HealthGrades Names Nation's Top Hospitals
California grabs five spots in Top 50 and 20 spots in Overall Clinical Excellence
This past January, HealthGrades, an independent healthcare ratings organization, published its Seventh Annual Hospital Quality and Clinical Excellence study, naming not only the 50 Best Hospitals in America, but also 270 hospitals that earned the title of Distinguished Hospital for Clinical Excellence.
Five California hospitals were named as one of the top 50 in the country: Cedars-Sinai, Glendale Adventist, Glendale Memorial, Good Samaritan and Saint John’s. The report states that if all hospitals matched the level of care of these facilities, then 152,666 lives may have been saved and 11,772 major complications avoided over the three years studied, meaning these hospitals established a 27 percent lower mortality rate and an eight percent lower complication rate than all other U.S. hospitals.
“To be ranked among America’s 50 best hospitals by HealthGrades for three consecutive years is a great honor and tribute to our physicians and staff who deliver wonderful care to our patients year after year,” said Andrew B. Leeka, president and CEO of Good Samaritan, which also ranked among the top hospitals in several specialty areas, including cardiac, orthopedics, critical care, pulmonary, stroke, gastrointestinal services, maternity care and women’s health services.
The first step for study’s authors in identifying these hospitals was to see which ones had received the Distinguished Hospital Award for Clinical Excellence for all of the seven years the organization has bestowed the honor. Then they identified the hospitals that had received the DHA-CE for the past six years. These lists were put together and out came top 50.
“Glendale Memorial is proud to be a recipient of the Distinguished Hospital Award for Clinical Excellence for seven years in a row,” said Kim Strange, interim president of the hospital. “This recognition reinforces our commitment to providing the highest quality care for the community.”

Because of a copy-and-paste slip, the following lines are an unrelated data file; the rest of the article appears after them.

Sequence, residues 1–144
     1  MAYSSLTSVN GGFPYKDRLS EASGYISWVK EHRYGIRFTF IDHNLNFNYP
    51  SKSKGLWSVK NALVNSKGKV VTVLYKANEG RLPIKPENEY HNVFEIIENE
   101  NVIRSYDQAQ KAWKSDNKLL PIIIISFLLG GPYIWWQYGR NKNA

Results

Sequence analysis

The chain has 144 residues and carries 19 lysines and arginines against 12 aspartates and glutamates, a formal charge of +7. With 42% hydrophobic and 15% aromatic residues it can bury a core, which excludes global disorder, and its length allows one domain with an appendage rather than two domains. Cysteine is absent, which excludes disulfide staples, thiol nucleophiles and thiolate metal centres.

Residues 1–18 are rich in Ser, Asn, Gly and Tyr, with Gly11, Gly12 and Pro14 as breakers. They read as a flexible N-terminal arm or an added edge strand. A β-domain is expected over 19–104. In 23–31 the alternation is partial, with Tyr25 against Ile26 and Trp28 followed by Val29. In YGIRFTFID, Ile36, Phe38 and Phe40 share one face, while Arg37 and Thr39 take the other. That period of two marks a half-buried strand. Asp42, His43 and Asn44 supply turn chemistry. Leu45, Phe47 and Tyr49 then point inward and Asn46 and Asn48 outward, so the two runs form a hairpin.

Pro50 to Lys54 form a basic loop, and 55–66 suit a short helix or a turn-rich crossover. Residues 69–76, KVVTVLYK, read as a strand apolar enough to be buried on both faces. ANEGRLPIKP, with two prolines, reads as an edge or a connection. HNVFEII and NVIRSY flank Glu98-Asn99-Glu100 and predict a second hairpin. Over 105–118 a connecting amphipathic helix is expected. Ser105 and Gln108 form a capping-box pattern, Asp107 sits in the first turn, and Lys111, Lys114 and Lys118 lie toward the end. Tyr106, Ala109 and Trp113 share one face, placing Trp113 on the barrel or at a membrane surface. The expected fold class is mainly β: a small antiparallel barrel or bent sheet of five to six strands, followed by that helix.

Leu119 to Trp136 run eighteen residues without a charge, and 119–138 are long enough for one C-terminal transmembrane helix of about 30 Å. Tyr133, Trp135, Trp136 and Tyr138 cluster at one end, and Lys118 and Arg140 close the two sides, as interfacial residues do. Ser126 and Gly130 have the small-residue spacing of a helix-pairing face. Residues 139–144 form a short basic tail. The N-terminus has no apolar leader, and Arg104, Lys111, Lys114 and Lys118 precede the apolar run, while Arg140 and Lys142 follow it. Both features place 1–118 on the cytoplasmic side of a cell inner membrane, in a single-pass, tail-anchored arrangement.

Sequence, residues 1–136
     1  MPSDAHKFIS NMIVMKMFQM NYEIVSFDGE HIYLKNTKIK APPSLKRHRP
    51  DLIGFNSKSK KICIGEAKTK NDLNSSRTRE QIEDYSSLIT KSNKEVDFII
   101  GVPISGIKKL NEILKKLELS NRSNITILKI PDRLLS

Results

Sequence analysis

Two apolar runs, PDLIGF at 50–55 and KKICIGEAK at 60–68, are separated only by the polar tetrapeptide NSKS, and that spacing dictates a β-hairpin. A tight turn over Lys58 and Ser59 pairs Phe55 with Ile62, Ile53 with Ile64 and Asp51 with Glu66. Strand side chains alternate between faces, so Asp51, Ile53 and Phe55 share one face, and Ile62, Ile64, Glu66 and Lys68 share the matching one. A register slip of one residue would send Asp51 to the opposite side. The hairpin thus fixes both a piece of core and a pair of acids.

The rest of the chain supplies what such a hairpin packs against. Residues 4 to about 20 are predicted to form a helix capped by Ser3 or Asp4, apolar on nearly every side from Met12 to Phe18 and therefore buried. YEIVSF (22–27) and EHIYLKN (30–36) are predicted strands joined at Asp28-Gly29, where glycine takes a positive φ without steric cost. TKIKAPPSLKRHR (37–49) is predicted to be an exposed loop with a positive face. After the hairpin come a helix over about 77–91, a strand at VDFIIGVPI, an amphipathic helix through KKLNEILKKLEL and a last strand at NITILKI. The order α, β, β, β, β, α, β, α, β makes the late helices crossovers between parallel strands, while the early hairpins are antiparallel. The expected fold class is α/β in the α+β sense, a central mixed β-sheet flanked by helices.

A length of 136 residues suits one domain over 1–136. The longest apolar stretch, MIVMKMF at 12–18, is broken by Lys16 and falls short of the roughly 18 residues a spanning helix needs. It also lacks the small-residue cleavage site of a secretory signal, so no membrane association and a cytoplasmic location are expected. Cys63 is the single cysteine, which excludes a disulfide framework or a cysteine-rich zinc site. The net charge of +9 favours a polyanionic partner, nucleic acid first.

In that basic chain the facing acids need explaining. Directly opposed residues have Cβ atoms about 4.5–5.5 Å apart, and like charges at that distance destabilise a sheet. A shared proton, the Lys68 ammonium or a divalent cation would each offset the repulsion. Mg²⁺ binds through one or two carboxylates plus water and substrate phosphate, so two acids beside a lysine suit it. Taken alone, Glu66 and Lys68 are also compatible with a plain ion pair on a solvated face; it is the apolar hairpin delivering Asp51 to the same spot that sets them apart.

Glendale Memorial also achieved ranking in the top five percent for stroke care and general surgery, and in the top 10 percent for overall orthopedics, pulmonary care, GI services and surgery, women’s cardiac care and women’s stroke care.
Take another step back and we see how these DHA-CEs were awarded to begin with. The 2009 study is the analysis of nearly 41 million hospitalization records submitted by nonfederal hospitals to the Centers for Medicare and Medicaid Services for fiscal years 2005, 2006 and 2007. The patient outcome data across 26 different procedures and conditions is essentially what determined which hospitals earned this distinction. Those in the top 50 represent the top five percent.
“For a hospital to be in the top five percent in the nation in terms of quality, and then to maintain that for at least six consecutive years, means that the hospital has found a way to weave clinical excellence into the fabric of the organization” said Dr. Samantha Collier, HealthGrades’s chief medical officer and one of the authors of the study.
Twenty California hospitals other than the five previously mentioned earned the honor of being a Distinguished Hospital for Clinical Excellence. Those in and around the Los Angeles area include Beverly Hospital in Montebello, Garfield Medical Center in Monterey Park, Hoag Memorial Hospital Presbyterian in Newport Beach, Huntington Memorial Hospital in Pasadena, Providence Holy Cross Medical Center in Mission Hills, Saint Vincent Medical Center in Los Angeles and the UCLA Medical Center in Santa Monica.
Jean Rico, vice president of clinical process improvement at Saint Vincent, said, “The dedication and superior clinical skills of our medical staff make this type of recognition possible. Our associates also provide excellent support and then talent necessary for SVMC to do what we do best, and that is taking great care of our patients.”
Providence Holy Cross received this award for the fourth year in a row despite a battle with chronic overcrowding and being in the middle of a 136-bed expansion. Two more years and you might see them sitting in the top five percent, but not due to any one person. Bernard Klein, M.D., chief medical officer there said, “The credit goes to our incomparable staff, our physicians and especially to our nurses, who work as a team to provide not only the best quality care, but the most compassionate care.”
Take all the awards and distinctions away, and Rick May, M.D., senior physician consultant for HealthGrades and another author of the study, sums up perhaps what all healthcare facilities should be taking from this report: “Patients should expect and demand the same level of care at all hospitals.”
Beth Duggan has been a hospital patient only once in her life, and she got a popsicle when she was discharged.
This article is from workingnurse.com.